The process of the invention exhibits a number of important advantages over previously described methods for the preparation of beryllium hydride. Specifically, a simpler procedure is provided and higher conversions are obtained. As compared with the method using lithium aluminum hydride as reducing agent, the method of the present invention employs cheaper reactants and is generally more economical. As compared with the pyrolysis method, the method of the invention is more rapid and more readily controlled and is more readily adaptable to scale-up operations.
The invention will be more fully understood by reference to the following illustrative examples in which all parts and percentages are by weight.
EXAMPLE I the autoclave (with noted exceptions), pressured to the desired pressure and then heated to the desired temperature. Hydrogenolysis of dlmethylberylllum 1n cyclohexane Examples v, VII and VIII employed the temperature Use s made of ether-free dimethylberyllium obtained gramming principle described above. After the reaction y removing ether under Vafiuum from a measured 110111111e period, the cooled autoclave was vented and opened and of a Standardiled diethyl Ethel" Solution of dimethylbefyl' 5 the vial containing the product was removed. In the eX- lium. Hydrogen pressure was kept constant at 5,000 p.s.i. periments giving good quality BeH the product was a and the temperature at 180 C. for a reaction period of 66 white powder.
TABLE II Hydrogenolysls of BeEtz at about 11,000 p.s.i. Hi, no solvent Example number III IV V VI VII VIII Reaction data stage I T TT T TT T TT TIT IV, P.s.i.Hz 10,700-.. 11,600 10,700-- 11,350--. 11,300... 10,900-.. 11,600..- 2,000-... 2,000.-.. 2,000--.- 2,000. C-.- 150 9m 150 900 am i a 1m 900 125 150' 175 200, 11mm a 40 5.5 4 1o I 4 1n 4 4 4 r 10, Ml. BeE 5 5 9 2 2. Other Y 1) it Product color White.-. Blagfi and White White";
w e. Product analysis:
1 In these experiments, the reaction was run in the two steps shown without opening the autoclave between steps. 1 Starting material was product of Experiment V.
hours. 3.6 g. of dimethylberyllium were charged in ml. The data shown in Table H indicate the following conof cyclohexane solvent and 0.83 g. of solid precipitate was clusions: recovered. This precipitate analyzed 44.6 weight percent High-quality beryllium hydride can be made by this beryllium and upon hydrolysis evolved 85.8 mmoles of method (Example VI). The conversion of alkyl to hyhydrogen per gram. This corresponds to a molar ratio of dride is a function of time and temperature. Use of 150 hydrogen to beryllium of 1.73, which is very close to the C. even for very long periods fails to give maximum contheoretical value for beryllium hydride. version since the rate becomes very slow at 15 0 C. when When diphenylberyllium, dimethylcyclohexyl beryllium, about 70 percent BeH is reached (Example HI). At 200 and dibenzylberyllium are subjected to hydrogenolysis in C., higher conversion is reached in a shorter time. Heatcyclohexane solution in the manner described in the preing the alkyl directly to 200 C., i.e., skipping the 150 ceding examples, similar results are obtained. C. stage, results in low-purity BfiHg, large amounts of EXAMPLE H carbide and beryllium metal being formed (Example 1V).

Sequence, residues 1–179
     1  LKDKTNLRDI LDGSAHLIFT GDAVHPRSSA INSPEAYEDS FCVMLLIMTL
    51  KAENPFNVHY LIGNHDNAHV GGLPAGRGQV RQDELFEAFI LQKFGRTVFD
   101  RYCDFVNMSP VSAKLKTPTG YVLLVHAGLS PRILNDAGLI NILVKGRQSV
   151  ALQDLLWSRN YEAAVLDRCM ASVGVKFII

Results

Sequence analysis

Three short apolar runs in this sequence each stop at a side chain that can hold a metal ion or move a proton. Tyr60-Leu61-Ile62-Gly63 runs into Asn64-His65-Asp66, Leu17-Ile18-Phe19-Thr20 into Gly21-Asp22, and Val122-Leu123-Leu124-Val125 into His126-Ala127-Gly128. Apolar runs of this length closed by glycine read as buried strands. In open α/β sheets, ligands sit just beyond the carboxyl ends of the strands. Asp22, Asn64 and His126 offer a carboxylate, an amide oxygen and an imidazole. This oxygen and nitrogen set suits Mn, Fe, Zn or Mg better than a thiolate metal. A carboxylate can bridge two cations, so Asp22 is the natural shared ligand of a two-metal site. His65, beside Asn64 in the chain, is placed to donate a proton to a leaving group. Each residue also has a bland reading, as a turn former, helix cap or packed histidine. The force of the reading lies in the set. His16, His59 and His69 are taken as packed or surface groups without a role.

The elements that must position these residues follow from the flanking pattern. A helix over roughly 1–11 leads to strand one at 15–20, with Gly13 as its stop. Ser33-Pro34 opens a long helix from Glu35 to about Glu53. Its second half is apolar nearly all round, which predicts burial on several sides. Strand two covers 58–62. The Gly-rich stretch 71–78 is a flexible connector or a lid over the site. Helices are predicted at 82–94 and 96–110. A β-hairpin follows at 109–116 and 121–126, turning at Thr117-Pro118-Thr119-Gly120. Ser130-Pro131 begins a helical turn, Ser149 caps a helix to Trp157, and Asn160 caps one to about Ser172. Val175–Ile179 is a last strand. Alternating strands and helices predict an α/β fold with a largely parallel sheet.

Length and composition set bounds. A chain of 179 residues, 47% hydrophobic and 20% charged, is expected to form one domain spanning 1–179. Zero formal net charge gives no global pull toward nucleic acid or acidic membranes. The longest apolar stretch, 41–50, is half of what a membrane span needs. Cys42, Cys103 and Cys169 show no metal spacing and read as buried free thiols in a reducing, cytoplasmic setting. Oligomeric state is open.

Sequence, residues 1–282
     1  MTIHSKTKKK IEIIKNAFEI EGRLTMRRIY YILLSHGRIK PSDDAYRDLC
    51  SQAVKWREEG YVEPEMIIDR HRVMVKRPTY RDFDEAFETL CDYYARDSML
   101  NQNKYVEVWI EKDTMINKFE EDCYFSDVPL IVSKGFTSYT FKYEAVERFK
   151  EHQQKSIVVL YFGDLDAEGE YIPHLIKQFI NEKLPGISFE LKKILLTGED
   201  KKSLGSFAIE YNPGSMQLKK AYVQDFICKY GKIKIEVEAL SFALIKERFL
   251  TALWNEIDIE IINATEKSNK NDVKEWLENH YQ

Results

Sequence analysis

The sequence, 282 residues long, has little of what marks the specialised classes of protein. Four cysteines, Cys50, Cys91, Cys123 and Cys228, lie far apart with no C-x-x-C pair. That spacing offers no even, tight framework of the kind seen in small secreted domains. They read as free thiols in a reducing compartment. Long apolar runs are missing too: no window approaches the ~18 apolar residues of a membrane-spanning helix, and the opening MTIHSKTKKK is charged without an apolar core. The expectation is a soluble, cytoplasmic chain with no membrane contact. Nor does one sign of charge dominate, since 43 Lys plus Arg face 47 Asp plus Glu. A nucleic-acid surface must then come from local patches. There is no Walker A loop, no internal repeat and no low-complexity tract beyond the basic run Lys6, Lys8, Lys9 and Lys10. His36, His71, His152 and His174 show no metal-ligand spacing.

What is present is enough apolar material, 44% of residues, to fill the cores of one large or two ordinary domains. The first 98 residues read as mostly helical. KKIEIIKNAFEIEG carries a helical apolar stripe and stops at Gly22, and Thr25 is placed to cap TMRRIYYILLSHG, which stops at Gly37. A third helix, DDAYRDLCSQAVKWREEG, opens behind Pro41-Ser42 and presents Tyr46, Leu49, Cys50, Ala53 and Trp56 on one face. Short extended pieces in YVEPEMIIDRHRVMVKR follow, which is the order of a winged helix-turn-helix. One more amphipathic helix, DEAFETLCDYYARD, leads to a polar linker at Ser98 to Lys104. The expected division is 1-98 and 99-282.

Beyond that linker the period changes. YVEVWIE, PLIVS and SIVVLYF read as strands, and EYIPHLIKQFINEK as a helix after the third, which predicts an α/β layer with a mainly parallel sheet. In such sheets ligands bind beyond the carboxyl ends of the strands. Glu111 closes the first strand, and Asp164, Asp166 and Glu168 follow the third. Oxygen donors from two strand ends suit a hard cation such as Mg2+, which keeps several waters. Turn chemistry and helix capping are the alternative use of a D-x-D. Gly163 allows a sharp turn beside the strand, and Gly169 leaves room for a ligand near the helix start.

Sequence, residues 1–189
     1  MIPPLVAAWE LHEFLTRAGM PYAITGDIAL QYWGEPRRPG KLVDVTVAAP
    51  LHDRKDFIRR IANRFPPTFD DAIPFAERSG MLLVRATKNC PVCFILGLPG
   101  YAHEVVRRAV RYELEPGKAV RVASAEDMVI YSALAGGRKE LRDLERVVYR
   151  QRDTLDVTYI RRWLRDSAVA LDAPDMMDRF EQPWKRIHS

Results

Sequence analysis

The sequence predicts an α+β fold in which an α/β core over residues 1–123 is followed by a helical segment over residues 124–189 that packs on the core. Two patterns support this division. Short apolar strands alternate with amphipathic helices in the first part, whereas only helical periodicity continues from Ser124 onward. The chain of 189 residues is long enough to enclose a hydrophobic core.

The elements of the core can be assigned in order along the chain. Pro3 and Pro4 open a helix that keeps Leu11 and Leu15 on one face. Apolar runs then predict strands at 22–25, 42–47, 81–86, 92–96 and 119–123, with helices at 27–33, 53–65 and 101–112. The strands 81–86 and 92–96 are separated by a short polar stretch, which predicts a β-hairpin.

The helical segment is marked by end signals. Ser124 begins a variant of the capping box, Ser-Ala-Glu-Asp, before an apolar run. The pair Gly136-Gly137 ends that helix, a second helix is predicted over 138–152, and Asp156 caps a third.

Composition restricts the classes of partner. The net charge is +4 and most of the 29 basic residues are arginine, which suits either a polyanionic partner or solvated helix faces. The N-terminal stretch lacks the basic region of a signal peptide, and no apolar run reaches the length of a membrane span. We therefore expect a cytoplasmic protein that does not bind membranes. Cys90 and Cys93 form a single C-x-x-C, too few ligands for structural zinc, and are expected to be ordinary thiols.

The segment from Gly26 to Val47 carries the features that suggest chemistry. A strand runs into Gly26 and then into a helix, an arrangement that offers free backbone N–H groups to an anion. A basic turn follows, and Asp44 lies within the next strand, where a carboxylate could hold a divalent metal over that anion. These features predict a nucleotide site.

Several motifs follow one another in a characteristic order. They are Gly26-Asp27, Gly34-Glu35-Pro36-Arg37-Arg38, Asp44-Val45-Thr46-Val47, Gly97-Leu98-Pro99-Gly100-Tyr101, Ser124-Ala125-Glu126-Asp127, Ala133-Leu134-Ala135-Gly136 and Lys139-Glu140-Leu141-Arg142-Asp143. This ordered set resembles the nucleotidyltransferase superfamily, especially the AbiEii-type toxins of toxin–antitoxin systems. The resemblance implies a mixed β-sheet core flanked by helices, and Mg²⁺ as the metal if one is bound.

Examples V, VII and VIII demonstrate the advantages Hydl'ogenolysis 0f p py beryllium in cyclohexane of temperature programming. It is evident from the table 40 that conversions to beryllium hydride are high and those to beryllium carbide are low.
The application of the temperature programming concept is by no means limited to two temperature stages. In fact, when low hydrogen pressures are employed, low
initial temperatures, and several temperature stages, are vacuum to recover any soluble materials. Experimental deslrable 1f excessive amounts of lmpuntles m the Prod' details are presented in the following table. net are to y i .when a hydrogen pressure of 10,000 p.s.1. is used, an initial temperature of 150 C.
TABLE Q E;E% QE% and a two-stage process yield satisfactory results. However, when the hydrogen pressure is reduced to 2,000
Run 1 Run 2 p.s.i., an initial temperature of 125 C., combined with Reaction data a four-stage reaction, is required for satisfactory con- Using the general procedure of Example I, two runs were made in the temperature range of 150 to 160 C. at 5,000 p.s.i. hydrogen pressure for periods of 17 and 18 hours, respectively. The customary recovery procedure was employed-solids precipitated during reaction were filtered off and the filtrate was then evaporated to dryness under O y c I g 'f fff' g'r 150-1% version to beryllium hydride. The results of such a reacg-Pn Be ehs ge d an 1 5. 13 tion are reported in Table H (Example VIII). g gg ggg z I; 1 3 It should be noted that an increase in the scale of the nna l s vsi s ot lfr eipitstez reaction of this invention may increase the proportion of impurity in the product. This deleterious effect can be 1.0 1.0 H 39 avoided by decreasing the temperature of the initial proencasedaaasaetias'arsieastaaz gram stage, or by lncreasmg the number of stages, or by Wt. percent: 4 m V 52 6 57 8 60 both expedlents.
14:9 EXAMPLE IX 27.3
Hydrogenolys1s of dlethylberylhum at 5,000 p.s.1. 1 All runs conducted at 5,000 p.s.i. Hz pressure. n1aly1si s8%i(i-P)%BetB 14 87 E O This experiment was carried out in a manner s1m1lar B n 2=9s'.%%, (i-P r n3%, us Ego? to that of Examples lII-VIII except for the reduced hy- Contained only 4.37 mg. or Be. drogen pressure of 5,000 p.s.i. and reduced initial temg fl gg gg g fiigi ag gfi g f g g gggi g f g fig$ perature of 125 C. Similar results were obtained. with D01 and the gas evolved was essentia y all DH. The above examples have been presented by way of EXAMPLES 1114 13 illustration and it is not intended to limit the scope of the invention thereby. Employing the procedures illustrated therein and the process of this invention, other organoberyllium reactants may be employed to produce the Unless otherwise noted, all reactions were run in a 110- beryllium hydride product. Thus, the following reactants ml. rocking type autoclave, but without rocking the automay be used, among others: diisopropyl beryllium, di-tclave. The reactant was placed in a vial (33 ml.) inside butyl beryllium, di-n-octyl beryllium, di-dodecyl beryl- Hydrogenolysis of diethylberyllium at about 11,000 p.s.i. of hydrogen, no solvent lium, diphenyl beryllium, di tolyl beryllium, di-2,4- xylyl beryllium, dimesityl beryllium, dicyclopentyl beryllium, dicyclohexyl beryllium, dicyclopentadienyl beryllium, dibenzyl beryllium, diphenethyl beryllium, and methyl phenyl beryllium. Other examples of organoberyllium reactants in which each organo group contains up to 12 carbon atoms and which are useful in the process of this invention will now be evident.